The Anatomy of a Turbulent Relationship: A Review of Scenes From A Marriage

The five-episode miniseries was inspired by a 70’s Swedish show.

In a world where the entertainment industry seems to churn out more reboots and remakes than actual original content, viewers may tend to overlook anything that seems revived. How can anyone bring anything new to something that’s already been done? Is there anything that can be achieved by revivals? One would have to look no further than Hagai Levi’s 2021 remake of Scenes From A Marriage for the answer.

Following the premise of the 1973 Swedish TV show, the 2021 miniseries revolves around the marriage of Jonathan and Mira, a the middle-aged couple being interviewed for a research study about their so-called successful marriage. As the series progresses, they try to grapple with what their marriage truly means to each other. 

Photo by HBO.

One of the series’ main plus points is the rawness of the premise. There’s something so visceral about the characters in the series. Of course, nothing less is to be expected from the series' main actors, award-winning actors Oscar Isaac (who plays Jonathan) and Jessica Chastain (who plays Mira). The last starred together in the 2014 crime film A Most Violent Year


Jonathan is a Jewish man with a background in the academe. He has a very rational and ever-analyzing personality. Mira, meanwhile, is the more sensitive, reserved breadwinner of the family who works at a tech company. The characters are complete opposites, yet also complement one another in such a natural way. Their constant push and pull is quite easily the pillar of the entire story, something that leaves viewers wondering if they prefer the couple together or if they are better off apart, which is the big question in almost every troubled marriage.

Perhaps this could be attributed to the fact that Levi took care to make the characters more seamless and relatable compared to the Swedish original. He also switched the genders of the original characters, which is why Chastain’s character is the breadwinner while Isaac’s Jonathan is the stay-at-home father. Such a switch brings a more modern approach to the traditional roles in a marriage—no doubt, a fresh reframing of the original series.

The authenticity of the characters could also be attributed to the riveting dialogue. There’s a particular scene in the first episode where Jonathan and Mira have a conversation during a double date dinner with some friends—another married couple, except they happen to be polygamous. It started out as a light-hearted back and forth that eventually swells up into a heated argument that not only shows their friends’ complicated situation, but also brings up that uneasy awkwardness that happens when a fight breaks out during what is supposed to be a casual conversation.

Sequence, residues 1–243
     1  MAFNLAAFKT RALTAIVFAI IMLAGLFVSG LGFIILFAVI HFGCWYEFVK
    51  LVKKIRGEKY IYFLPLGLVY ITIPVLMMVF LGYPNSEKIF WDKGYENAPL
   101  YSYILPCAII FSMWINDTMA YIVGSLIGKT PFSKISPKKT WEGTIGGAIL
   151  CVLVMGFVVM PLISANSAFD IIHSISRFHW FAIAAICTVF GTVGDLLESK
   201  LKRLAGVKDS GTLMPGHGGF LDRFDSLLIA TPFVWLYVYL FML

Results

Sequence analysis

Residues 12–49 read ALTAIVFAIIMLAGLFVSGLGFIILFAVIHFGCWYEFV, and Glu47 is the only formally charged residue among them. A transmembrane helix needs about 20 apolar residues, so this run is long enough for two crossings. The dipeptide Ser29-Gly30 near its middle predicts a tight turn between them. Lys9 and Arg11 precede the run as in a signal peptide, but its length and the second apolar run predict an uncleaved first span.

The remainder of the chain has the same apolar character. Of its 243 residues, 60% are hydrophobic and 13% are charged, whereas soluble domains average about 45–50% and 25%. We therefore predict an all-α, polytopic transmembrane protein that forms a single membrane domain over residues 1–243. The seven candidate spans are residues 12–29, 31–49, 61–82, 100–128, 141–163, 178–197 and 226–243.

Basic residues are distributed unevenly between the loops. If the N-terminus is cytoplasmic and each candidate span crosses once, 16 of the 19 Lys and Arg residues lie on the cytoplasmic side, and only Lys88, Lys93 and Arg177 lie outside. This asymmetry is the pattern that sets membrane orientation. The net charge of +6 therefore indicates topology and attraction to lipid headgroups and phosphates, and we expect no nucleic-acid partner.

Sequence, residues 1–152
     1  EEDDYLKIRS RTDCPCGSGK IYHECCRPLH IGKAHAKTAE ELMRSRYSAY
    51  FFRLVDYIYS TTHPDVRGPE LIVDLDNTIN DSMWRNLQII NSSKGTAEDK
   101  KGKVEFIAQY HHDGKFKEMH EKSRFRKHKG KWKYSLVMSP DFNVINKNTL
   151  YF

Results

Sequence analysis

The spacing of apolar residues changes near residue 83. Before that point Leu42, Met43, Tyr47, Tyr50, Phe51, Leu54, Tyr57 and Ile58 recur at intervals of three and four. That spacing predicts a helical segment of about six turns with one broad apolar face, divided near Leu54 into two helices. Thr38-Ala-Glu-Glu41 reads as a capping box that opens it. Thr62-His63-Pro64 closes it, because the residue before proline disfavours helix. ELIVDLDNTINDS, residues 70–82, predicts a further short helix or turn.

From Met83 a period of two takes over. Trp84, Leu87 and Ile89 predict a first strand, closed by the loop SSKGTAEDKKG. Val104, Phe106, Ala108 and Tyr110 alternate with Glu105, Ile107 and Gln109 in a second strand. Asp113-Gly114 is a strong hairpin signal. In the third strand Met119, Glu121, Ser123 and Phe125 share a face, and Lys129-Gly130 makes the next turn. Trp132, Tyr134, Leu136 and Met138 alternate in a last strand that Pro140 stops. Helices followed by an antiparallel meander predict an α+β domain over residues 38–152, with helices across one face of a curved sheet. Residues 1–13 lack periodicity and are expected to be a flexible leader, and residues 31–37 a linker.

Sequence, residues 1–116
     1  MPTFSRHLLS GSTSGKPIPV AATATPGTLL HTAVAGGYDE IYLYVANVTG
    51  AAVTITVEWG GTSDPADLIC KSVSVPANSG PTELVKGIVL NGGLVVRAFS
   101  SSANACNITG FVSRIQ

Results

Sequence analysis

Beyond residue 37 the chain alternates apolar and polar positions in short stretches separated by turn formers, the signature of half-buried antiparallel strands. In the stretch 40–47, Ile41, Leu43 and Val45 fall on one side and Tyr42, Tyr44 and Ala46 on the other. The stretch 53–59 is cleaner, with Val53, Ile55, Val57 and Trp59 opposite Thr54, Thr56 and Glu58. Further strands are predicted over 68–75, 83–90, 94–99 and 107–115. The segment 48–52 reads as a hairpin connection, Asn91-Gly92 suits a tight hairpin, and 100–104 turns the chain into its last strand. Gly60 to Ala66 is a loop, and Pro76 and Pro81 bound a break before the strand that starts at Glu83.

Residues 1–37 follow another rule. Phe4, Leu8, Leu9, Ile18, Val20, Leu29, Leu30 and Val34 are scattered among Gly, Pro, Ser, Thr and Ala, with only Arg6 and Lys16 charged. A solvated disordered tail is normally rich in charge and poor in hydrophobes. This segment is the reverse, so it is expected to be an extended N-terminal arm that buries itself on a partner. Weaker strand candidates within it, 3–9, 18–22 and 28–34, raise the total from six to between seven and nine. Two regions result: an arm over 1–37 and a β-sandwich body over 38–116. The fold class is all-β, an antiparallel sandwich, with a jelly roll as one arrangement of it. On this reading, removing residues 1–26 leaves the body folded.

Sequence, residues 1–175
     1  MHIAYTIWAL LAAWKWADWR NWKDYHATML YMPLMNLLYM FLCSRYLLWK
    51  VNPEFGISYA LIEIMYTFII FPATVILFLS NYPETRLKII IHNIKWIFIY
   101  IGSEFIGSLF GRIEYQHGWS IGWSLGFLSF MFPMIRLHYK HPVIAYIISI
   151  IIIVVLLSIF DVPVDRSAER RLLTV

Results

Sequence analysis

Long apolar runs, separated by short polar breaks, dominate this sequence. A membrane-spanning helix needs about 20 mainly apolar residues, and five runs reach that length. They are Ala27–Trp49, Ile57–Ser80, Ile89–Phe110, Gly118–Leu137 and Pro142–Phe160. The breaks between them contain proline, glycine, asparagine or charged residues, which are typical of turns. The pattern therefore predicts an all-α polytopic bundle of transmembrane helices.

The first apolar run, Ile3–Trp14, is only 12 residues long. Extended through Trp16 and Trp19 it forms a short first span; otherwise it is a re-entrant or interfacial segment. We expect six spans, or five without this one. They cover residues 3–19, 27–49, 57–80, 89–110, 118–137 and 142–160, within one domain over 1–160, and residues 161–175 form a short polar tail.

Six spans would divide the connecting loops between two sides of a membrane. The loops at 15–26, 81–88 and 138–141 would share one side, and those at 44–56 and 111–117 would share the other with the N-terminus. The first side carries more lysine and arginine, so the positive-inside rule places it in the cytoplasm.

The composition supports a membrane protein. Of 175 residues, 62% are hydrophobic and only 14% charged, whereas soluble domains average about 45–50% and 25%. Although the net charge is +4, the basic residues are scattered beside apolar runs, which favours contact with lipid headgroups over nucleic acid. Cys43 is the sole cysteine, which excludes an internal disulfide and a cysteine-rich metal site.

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The conversations between Jonathan and Mira, some of which last for the better part of an hour, are drawn from organic emotions. Though some parts of the dialogue border on thoughts about psychology and even philosophy—thanks to Jonathan’s academic background—it doesn’t alienate the viewers because of how clearly written the ideas are. 

Photo by HBO.

There’s a noticeable minimalism that the show uses as well. Granted, this may have been due to the fact that this was filmed during a pandemic, but the fact that a huge part of the series revolves around the long, intimate talks between husband and wife gives it an almost theatrical feel. Majority of the show takes place in the couple’s house, and it is Jonathan and Mira who take up most of the screen time. Save for a few select scenes, this series could have, in another life, been staged as a play—and it would have still been pretty great. 


Scenes From A Marriage is an emotional rollercoaster packed with the gut-wrenching realness of a relationship’s ups and downs. It is a remake, yes—but it manages to reframe a vintage story in the lens of a 21st century mindset while still keeping its roots of what a marriage is truly supposed to be about. In any relationship, both sides have room to change whether they intend to or not—it’s how we deal with these changes that decides whether or not it all becomes worth it in the end. Coupled with amazing performances and engaging dialogue, this series is a great watch for those looking for an emotionally charged ride.

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Teresa Marasigan
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